The four minority factions in the Armenian parliament have effectively scuttled plans for a special session sought by the ruling party to adopt a resolution calling for political tranquility and dialogue in the wake of last month’s disputed presidential elections.
The Republican Party of Armenia (HHK) whose leader Serzh Sarkisian was officially reelected as president in the February 18 ballot has drafted a statement urging all political parties and civil society groups in Armenia to work for a dialogue to defuse the ongoing tensions.
The HHK-authored document also mentions the possibility of ‘constructive discussions’ on constitutional reforms and ways of improving the electoral system – only two of many demands being advanced to Sarkisian by his top challenger Raffi Hovannisian.
Hovannisian, who claims victory in last month’s presidential election, led street protests for several weeks before going on a hunger strike in a central Yerevan square on March 10 threatening to thwart Sarkisian’s swearing-in ceremony slated for April 9. As a compromise solution the oppositionist demands snap parliamentary elections, sweeping changes in the election laws as well as a number of key positions in the future government.
The HHK, which has regarded negotiations with Hovannisian’s Heritage Party in the National Assembly as part of efforts to provide a solution to the ongoing crisis, meant to enlist the support of all groups before calling a special session to adopt the declaration.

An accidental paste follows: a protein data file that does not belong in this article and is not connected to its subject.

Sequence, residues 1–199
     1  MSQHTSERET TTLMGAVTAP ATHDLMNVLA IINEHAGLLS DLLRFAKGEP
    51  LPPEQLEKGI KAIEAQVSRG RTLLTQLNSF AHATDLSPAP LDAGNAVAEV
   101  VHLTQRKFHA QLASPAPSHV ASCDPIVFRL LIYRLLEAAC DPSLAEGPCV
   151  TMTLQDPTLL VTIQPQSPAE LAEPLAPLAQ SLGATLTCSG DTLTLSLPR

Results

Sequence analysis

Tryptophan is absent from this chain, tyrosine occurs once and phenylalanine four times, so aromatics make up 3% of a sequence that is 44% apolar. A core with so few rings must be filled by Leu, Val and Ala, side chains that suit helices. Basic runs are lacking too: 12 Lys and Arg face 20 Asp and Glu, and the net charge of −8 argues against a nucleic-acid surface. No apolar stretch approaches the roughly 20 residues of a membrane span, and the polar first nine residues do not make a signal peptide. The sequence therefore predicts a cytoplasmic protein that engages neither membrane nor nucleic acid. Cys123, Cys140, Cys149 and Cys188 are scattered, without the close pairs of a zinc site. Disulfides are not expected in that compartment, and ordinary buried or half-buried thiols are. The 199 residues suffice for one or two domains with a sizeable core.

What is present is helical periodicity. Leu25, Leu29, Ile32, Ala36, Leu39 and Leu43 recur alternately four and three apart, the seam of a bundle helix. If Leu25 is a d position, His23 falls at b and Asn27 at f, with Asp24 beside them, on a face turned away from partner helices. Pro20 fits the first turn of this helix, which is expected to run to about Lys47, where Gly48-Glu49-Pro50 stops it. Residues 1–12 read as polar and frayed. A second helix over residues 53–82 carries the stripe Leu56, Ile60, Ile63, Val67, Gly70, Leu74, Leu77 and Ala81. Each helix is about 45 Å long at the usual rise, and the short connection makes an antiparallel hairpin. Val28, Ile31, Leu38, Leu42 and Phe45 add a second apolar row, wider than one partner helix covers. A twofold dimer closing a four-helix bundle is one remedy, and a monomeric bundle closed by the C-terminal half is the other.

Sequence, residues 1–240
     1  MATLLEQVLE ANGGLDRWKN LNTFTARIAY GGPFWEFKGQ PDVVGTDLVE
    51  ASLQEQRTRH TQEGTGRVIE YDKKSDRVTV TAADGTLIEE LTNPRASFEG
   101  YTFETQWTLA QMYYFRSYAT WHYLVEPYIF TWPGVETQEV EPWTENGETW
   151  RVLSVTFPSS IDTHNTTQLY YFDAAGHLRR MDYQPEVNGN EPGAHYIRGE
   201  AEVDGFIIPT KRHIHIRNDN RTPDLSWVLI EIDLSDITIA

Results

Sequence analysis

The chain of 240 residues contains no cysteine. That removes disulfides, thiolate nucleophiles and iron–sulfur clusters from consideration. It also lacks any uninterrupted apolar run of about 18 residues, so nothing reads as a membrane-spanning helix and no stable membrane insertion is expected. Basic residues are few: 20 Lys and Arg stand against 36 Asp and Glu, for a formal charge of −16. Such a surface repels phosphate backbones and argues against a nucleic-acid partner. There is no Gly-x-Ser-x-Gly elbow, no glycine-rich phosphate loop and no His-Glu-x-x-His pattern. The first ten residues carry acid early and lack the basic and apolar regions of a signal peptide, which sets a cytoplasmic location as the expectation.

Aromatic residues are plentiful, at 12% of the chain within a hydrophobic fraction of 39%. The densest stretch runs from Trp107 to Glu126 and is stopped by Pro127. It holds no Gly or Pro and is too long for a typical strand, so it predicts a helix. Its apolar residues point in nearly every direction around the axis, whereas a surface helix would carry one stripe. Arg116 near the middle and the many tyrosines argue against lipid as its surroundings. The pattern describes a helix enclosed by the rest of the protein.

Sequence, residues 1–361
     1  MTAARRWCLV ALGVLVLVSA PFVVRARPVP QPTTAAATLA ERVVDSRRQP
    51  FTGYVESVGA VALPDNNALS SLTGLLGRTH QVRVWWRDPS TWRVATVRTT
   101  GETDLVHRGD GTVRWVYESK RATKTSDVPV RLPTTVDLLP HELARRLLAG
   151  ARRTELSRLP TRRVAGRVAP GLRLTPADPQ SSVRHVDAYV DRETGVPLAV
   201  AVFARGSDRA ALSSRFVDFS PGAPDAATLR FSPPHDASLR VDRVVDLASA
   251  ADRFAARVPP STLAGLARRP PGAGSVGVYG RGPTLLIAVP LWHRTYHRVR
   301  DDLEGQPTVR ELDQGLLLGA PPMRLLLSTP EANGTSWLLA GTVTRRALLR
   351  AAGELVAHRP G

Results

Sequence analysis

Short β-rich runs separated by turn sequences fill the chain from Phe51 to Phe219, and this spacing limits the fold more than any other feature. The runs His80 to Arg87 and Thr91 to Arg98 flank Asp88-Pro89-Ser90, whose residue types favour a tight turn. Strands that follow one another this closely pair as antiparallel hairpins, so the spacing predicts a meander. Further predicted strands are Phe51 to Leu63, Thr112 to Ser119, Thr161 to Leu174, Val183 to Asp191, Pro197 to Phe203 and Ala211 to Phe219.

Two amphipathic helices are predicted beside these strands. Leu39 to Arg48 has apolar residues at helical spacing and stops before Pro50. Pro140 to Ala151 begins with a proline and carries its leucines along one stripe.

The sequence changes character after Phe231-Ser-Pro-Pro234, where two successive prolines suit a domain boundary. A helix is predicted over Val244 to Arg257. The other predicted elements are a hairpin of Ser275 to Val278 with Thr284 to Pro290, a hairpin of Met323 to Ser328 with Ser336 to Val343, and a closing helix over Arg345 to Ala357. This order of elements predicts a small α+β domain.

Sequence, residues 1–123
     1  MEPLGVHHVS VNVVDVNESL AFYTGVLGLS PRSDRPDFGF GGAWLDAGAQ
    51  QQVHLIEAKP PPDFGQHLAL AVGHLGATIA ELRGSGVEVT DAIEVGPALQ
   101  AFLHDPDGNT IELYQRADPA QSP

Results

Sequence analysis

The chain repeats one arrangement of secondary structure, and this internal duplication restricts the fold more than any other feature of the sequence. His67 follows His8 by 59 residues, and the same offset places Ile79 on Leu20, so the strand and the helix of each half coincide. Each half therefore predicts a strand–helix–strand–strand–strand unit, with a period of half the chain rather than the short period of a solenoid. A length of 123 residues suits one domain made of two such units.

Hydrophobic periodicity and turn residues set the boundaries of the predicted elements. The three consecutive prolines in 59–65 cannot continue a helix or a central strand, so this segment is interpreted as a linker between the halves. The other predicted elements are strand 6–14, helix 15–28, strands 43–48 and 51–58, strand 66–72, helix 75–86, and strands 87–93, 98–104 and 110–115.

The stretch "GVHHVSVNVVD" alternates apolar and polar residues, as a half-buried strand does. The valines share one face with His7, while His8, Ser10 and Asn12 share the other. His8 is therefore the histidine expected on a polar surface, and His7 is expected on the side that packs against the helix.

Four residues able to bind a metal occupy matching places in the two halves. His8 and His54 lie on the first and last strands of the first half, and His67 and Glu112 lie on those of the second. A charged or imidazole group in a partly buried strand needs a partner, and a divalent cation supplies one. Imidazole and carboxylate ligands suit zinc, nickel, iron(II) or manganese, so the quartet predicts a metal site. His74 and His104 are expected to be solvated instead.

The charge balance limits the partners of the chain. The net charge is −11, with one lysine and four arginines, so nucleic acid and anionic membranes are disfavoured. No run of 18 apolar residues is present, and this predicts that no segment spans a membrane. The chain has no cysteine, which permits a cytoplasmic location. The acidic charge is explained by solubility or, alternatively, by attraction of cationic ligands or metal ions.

The refusal of the minority factions to support the text, however, has called into question the very idea of such a gathering.
In substantiating their positions, the four parties criticized the HHK for drafting what they described as a declarative statement that fails to offer specific solutions.
“The text proposed by the majority is unacceptable for us. This is a declaration of good wishes rather than a road map on how the parliament should act within its powers to overcome this situation and resolve this major problem facing the country,” Naira Zohrabian, the secretary of the second largest parliamentary faction of the Prosperous Armenia Party, told RFE/RL’s Armenian Service (Azatutyun.am).
Zohrabian said that in drafting the statement the HHK also failed to consider their proposal regarding a transition to an all-proportional system of parliamentary representation.
The suggestions of two other minority factions, Dashnaktsutyun and Heritage, have not been taken into account either, the parliamentary leader of Heritage, Ruben Hakobian, told RFE/RL’s Armenian Service (Azatutyun.am).
Both factions had also called for a major electoral reform as well as an opposition role in oversight bodies.
Hakobian ridiculed the HHK’s position according to which a special session of parliament on the post-election situation could be called only if all factions agreed to back the text of a certain statement.
“This has nothing to do with parliamentarianism,” he said. “And this statement that they proposed is just something that tells you nothing.”
The opposition Armenian National Congress also spoke against the draft, suggesting its own version of the statement that also calls for changes in election laws being sought by the opposition. It also demands that parliamentary hearings be held on the matter of ‘restoring constitutional order’ in Armenia by way of holding early presidential and parliamentary elections.
HHK faction head Galust Sahakian, for his part, argued that the minority factions had differences over the statement not only with the ruling party, but also amongst themselves. He acknowledged that such differences called into question the prospect of a common approach to the post-election situation and hence of a special parliament session with this issue on the agenda.